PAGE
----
This is the name of a new post over at frompyrgos.blogspot.com (I added the question mark). I find no “fault” with this post, in terms of the blogger relaying his opinion in a reasonable way. Instead, I’d like to focus on a more general way of viewing things, one that has become more compelling to me recently (though not necessarily anything “new”), along with some other insights. The “short version:” I no longer have much interest in abstract concepts and I have found that my understanding of both “fine art” and scents meant to be “worn” on a person’s skin has changed, over and over again. I no longer have interest in any kind of definitive view but rather embrace ambivalence.
Being someone who studied fine art back in the early to mid 1990s and then went on to develop my own painting style and raison d’etre for doing so, as well as having personal interactions with some of the “main players” (such as gallery owners), I certainly saw similarities with “perfumery” became an interest of mind (beginning in late 2007). If we start with the Italian Renaissance and “modern perfumery” (late 1800s to the present), one this is clear; in both cases there was an attempt to imitate “reality” without trying to replicate it exactly. Artist David Hockney wrote a book entitled “Secret Knowledge” (2006) in which he argued that much of what have viewed as great works of art were more like great works of copying (at least that is what I would argue in light of what he wrote in that book). You can read about it at amazon.com but my point is that it’s difficult to get a handle on the simple question, “what is art?’
As I said, to me, these days, it’s just yet another abstract concept that people use to make life difficult for themselves, so let me tell you my history of art from the Italian Renaissance forward, one that uses no abstract concepts. It begins with attempts to create more realistic representation. Some artists were good at painting fairly realistic faces, others at landscapes, etc. However, eventually a kind of crossroads was reached, most likely due to technical developments in optics (see Hockney’s book for all the details), and an artist had to choose between being a copier and being more creative. Rembrandt (and Rubens) took one road while Caravaggio took the other. Today, however, most people just think of them as great “Old Masters,” and don’t realize that towards the end of Rembrandt’s life, his style was totally out of fashion!
I mention Rembrandt in particular because after him another crossroads was reached (Academy painters, who followed in the Caravaggio style, versus those who emphasized one aspect of visual representation at the expense of some sort of abstract notion of what a realistic painting should look like; from there develops Impressionism, Cubism, Abstract Expressionism, Minimalism, etc.). JMW Turner is an obvious example of the latter kind of painter. In any case, I view Rembrandt as the greatest naturalistic oil painter because he was able to make people see a “cartoon” as a unique and exciting view of “reality,” so to speak. These works did not look sort of like photographs, the way Caravaggio’s did (to later generations who lived in the age of photography, obviously). I use the word cartoon because these paintings have sharp areas and smoothed or dull areas, so that if you look at them “objectively” they have a bit of an amateurish quality. Rembrandt, however, seems to have discovered some key things about human visual perception that led him to paint this way, for example:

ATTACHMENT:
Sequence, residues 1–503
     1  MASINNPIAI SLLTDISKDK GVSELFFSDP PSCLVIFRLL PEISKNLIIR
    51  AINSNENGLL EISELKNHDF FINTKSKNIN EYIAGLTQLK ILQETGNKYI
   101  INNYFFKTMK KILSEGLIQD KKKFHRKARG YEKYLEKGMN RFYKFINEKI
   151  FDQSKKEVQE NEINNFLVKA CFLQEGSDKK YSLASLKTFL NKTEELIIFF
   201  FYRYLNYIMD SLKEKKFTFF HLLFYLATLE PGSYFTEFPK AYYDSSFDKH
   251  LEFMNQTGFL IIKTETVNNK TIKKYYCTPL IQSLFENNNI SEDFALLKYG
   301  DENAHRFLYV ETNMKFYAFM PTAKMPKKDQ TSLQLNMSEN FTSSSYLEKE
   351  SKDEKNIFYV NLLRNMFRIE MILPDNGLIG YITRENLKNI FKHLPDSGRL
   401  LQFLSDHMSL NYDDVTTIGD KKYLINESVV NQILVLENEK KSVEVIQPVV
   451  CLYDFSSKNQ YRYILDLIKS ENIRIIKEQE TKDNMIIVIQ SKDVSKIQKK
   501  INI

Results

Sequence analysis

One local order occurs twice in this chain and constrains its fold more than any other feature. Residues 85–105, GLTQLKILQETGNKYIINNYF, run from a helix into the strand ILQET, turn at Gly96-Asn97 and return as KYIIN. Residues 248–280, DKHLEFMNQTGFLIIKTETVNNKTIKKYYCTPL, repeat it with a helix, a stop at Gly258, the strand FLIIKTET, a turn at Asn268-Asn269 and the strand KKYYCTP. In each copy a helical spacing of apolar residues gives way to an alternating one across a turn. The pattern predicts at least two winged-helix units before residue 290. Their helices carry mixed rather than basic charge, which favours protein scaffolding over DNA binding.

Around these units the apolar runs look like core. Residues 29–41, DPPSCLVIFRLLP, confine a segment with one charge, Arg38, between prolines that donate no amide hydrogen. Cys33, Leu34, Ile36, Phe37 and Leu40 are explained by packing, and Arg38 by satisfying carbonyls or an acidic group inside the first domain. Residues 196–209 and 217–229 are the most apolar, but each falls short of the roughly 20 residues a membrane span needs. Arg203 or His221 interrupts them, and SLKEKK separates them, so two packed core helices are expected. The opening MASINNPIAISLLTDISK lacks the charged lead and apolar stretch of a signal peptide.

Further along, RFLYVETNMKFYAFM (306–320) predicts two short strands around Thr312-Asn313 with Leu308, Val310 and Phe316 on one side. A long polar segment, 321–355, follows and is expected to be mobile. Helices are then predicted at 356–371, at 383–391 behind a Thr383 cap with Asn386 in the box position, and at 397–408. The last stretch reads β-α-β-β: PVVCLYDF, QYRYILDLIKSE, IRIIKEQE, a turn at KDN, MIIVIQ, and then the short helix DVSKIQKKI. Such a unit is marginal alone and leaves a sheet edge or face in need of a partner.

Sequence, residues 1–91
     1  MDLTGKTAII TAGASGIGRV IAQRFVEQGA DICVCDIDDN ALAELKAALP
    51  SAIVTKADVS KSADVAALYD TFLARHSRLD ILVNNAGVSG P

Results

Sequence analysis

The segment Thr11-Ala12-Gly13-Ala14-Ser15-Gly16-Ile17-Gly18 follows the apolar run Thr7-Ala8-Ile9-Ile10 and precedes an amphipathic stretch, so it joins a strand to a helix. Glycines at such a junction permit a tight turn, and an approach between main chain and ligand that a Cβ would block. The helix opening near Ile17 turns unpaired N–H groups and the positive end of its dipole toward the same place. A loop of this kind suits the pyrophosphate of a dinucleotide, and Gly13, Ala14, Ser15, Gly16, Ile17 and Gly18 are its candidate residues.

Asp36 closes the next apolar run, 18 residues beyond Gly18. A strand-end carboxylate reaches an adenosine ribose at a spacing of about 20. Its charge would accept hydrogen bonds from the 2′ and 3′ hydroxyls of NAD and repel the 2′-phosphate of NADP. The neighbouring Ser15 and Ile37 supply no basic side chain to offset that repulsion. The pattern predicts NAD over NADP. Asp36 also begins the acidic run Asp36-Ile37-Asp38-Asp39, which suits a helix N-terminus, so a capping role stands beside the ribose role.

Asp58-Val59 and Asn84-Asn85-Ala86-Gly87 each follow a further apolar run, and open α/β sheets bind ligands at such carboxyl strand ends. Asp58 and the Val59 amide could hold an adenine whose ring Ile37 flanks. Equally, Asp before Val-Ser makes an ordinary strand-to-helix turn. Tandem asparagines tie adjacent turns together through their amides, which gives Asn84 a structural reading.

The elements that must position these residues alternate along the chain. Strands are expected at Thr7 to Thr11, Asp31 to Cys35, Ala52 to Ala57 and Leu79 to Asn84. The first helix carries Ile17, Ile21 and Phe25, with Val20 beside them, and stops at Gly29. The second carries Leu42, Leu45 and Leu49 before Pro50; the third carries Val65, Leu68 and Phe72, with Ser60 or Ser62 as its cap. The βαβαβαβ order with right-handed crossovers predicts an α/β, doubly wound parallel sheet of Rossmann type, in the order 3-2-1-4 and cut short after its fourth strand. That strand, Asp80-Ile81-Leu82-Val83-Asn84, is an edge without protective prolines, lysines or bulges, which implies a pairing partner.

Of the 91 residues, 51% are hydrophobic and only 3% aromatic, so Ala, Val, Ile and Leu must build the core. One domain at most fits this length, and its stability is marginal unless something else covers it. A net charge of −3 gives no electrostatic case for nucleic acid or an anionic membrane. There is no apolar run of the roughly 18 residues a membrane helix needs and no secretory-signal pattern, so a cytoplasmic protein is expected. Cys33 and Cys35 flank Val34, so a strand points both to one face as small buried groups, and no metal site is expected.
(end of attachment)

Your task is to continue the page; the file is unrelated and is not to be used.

“‘When viewing the Rembrandt-like portraits, viewers fixated on the detailed eye faster and stayed there for longer periods of time, resulting in calmer eye movements,’ says DiPaola, who is also an associate professor at Simon Fraser University and adjunct faculty at UBC’s Media and Graphics Interdisciplinary Centre. ”The transition from sharp to blurry edges, known as ‘lost and found edges,’ also directed the viewers eyes around the portrait in a sort of narrative.’”
So, to me the major accomplishment here, most likely arrived at by doing an awful lot of staring at people and/or portraits, involves making the objectively unrealistic look real due to the way we generally look at objects in particular contexts. And this is where “fine art” intersects, one might say, with perfumery. Modern perfumery requires the same kind of “narrative,” in that we try to “read” the scent in a way that makes sense to us. The major difference is that there is no one general way of perceiving scent, or perhaps more precisely, there are several different ways of perceiving scents. On Monday I might be able to read a scent and enjoy it, while later in the week I might find it too dense and unpleasant. On Monday I might find that one note is very weak whereas on Friday it comes across as overpowering.
Of course one might always come across a child in a museum who walks up to a Rembrandt portrait and asks his parents why it seems fuzzy and cartoon-like. However, in general people seem to have a more precise sense of vision, if that’s the best way to phrase it, and I’m sure most who agree with this will begin to think about how evolution is responsible. For the most part, today the idea that a professional perfume must go beyond reality (“nature”) is generally accepted (and of course began with the imaginary “fern” accord back in 1882), and to me this is in accord with Rembrandt’s painterly innovations. Beyond that, what else is there to say? Do we really want to argue about things like whether “art” must be “artificial” or not?
I shall leave that sort of thing to those who have plenty of time (and the inclination) to devote to such pursuits. Instead, I’d like research money to be spent on figuring out exactly what is occurring when one feels that a scent is too “heavy” for hot weather, for example. In the meantime, I prefer to be more of a hedonist with scents, though not a thoughtless one. I find myself constantly thinking about why I like or dislike a scent, or at least a particular wearing of it. As a newbie, I remember thinking that once I “learned” a note, it would be seem like many scents contained too much of it. Then I’d learn another note and the previous note I learned would no longer seem too strong. To some degree I’m still doing this today, and I have no idea where this “journey” might “end.” There are so many notes, accords, and combinations. I’ve noticed that sometimes when I become familiar with one, I seem to lose at least some familiarity with one or more than I thought I already learned.